A little introduction

May 18, 2011

I guess before we get too far along on this adventure, it’s time to get to know me a little bit. I’ll be your cyber guide into the world of Bike Friday.

I’m Raz.

Yes, folks call me Raz.

They have since I bestowed that nickname upon myself back in 8th grade. I know, giving yourself a nickname. How lame is that? About as lame as admitting it, I guess.

What you need to know about me is that I’ve somehow managed to string together a run of some of the greatest jobs in the world, with this gig at Bike Friday the latest in a long line. I’m Special Projects Manager.

I’m sure everyone has their own scale for rating jobs.

For some it might be salary.

For some it might be status.

For some it might be the hours.

Maybe the boss.

Maybe someone else. (wink, wink)

For me? It’s the bikes. And the people.

Somehow, here at Bike Friday, those two elements seem to be inseparable. Joined like a cyclist and a fixed gear.

I came to this stunning revelation as I cruised through Central Park a couple of Sundays ago on a Carbon Drive tikit.

Seriously, who gets to fly from Eugene, Oregon, to New York City on the company’s dime? Then gets to ride around Manhattan on two great bikes? Pinch me.

[I spent the first two days on an Infinity tikit with NuVinci hub.]

That’s when I realized the danger of it all. I’m getting spoiled. Or, addicted. I’m not really sure which.

Alan Scholz, Co-Founder of Bike Friday, keeps telling me I need to ride this Bike Friday and that one. I have to get the real feel. I have to know the products.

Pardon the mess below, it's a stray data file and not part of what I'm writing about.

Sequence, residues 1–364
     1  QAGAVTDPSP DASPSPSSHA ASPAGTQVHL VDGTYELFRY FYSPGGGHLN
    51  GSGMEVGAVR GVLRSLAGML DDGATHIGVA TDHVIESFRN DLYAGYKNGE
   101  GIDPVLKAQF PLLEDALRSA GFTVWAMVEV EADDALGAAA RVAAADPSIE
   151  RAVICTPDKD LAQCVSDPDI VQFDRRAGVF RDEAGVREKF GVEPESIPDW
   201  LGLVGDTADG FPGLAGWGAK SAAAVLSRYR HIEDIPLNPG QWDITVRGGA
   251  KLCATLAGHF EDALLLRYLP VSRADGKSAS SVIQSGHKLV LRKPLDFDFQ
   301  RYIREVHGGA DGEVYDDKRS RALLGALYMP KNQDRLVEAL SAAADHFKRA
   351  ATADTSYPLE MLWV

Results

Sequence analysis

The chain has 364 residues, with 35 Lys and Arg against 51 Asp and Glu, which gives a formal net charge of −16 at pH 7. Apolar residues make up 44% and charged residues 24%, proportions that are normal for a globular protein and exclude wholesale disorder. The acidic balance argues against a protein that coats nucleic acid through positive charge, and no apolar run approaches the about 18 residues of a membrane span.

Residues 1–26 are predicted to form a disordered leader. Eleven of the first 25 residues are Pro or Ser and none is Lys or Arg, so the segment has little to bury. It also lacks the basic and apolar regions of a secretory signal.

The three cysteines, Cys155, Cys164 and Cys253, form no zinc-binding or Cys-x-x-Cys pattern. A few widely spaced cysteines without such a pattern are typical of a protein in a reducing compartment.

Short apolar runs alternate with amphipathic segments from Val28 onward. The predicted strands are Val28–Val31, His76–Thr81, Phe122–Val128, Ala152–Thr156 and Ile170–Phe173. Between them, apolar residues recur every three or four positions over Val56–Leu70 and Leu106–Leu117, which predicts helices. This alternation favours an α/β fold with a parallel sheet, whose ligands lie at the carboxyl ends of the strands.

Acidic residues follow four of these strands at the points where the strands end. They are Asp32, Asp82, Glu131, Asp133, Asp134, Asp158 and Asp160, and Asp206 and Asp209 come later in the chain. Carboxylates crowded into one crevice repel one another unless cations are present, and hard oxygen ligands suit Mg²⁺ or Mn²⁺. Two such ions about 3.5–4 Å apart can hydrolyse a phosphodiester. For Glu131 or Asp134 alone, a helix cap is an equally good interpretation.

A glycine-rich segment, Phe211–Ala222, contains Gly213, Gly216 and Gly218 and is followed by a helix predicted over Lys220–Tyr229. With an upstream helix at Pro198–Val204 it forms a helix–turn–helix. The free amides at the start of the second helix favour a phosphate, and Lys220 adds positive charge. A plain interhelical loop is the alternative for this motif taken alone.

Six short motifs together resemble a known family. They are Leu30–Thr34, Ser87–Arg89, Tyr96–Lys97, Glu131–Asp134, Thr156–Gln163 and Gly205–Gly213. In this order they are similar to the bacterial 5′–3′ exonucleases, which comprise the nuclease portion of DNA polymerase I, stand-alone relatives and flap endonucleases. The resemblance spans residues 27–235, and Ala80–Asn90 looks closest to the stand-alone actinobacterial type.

So I ride them, and get blown away. Like a kid playing a video game.

The fact that I’m back in the cycling biz after a long stint with the absolute, without question, greatest job in the world — stay at home Dad — is kind of interesting.

We landed in Eugene, Oregon six years ago this coming August. That was after spending the summer of 2005 touring the Western U.S. in a pop-up tent camper looking for a place to call home and raise our daughters. We traveled 8,000 miles and lived in the camper for 85 days.

Determined to pick a place instead of chasing jobs around the country as we had done most of our adult lives, we quit our jobs, sold our house, got rid of what we could in an endless Moving Sale, put the rest in storage and ventured forward. We found Eugene to be Nirvana.

Before I opted to trade places with my wife and stay at home, I had been a sportswriter. Talk about a sweet gig.

At The Orange County Register in Southern California, I got paid for watching sports. I watched Tiger Woods play golf as a teen, Julie Foudy kick around the soccer ball in junior high and countless others. One day I asked if they would like a story about riding my bike in the Rosarito-Ensenada event in Mexico. To my utter surprise, they said yes.

That combination of cycling and writing led to a weekly column about cycling. I started chasing the likes of a young Lance Armstrong, George Hincapie and Levi Leipheimer around the U.S. Then I became editor of VeloNews magazine. Rough life, huh?

I left that world behind for the joy of  chauffeuring my daughters to school, gymnastics and birthday parties when we weren’t doing homework, working on crafts or dancing around the living room with the music cranked.

In Eugene, I wrote for the local newspaper, part-time, so I could be with my girls before and after school.

The economy turned sour just as I hit the stage where I planned to get a full-time gig again because my daughters were old enough to get by without me around all the time.

I got laid off. I spent two years looking for work. Then, miraculously, the only real bike job I’d want in Eugene (we refused to chase jobs again, determined to keep our girls here) popped up on Craigslist. Here, at Bike Friday.

I’ve spent most of my seven months here overseeing the construction of this new website. This blog will be a key element of it. We want you to continue to share your inspiring adventures with the Bike Friday Community. We want to give you a close look at who makes Bike Friday tick. Along the way you’ll get a chance to meet the amazing people who make coming to work each morning a joy.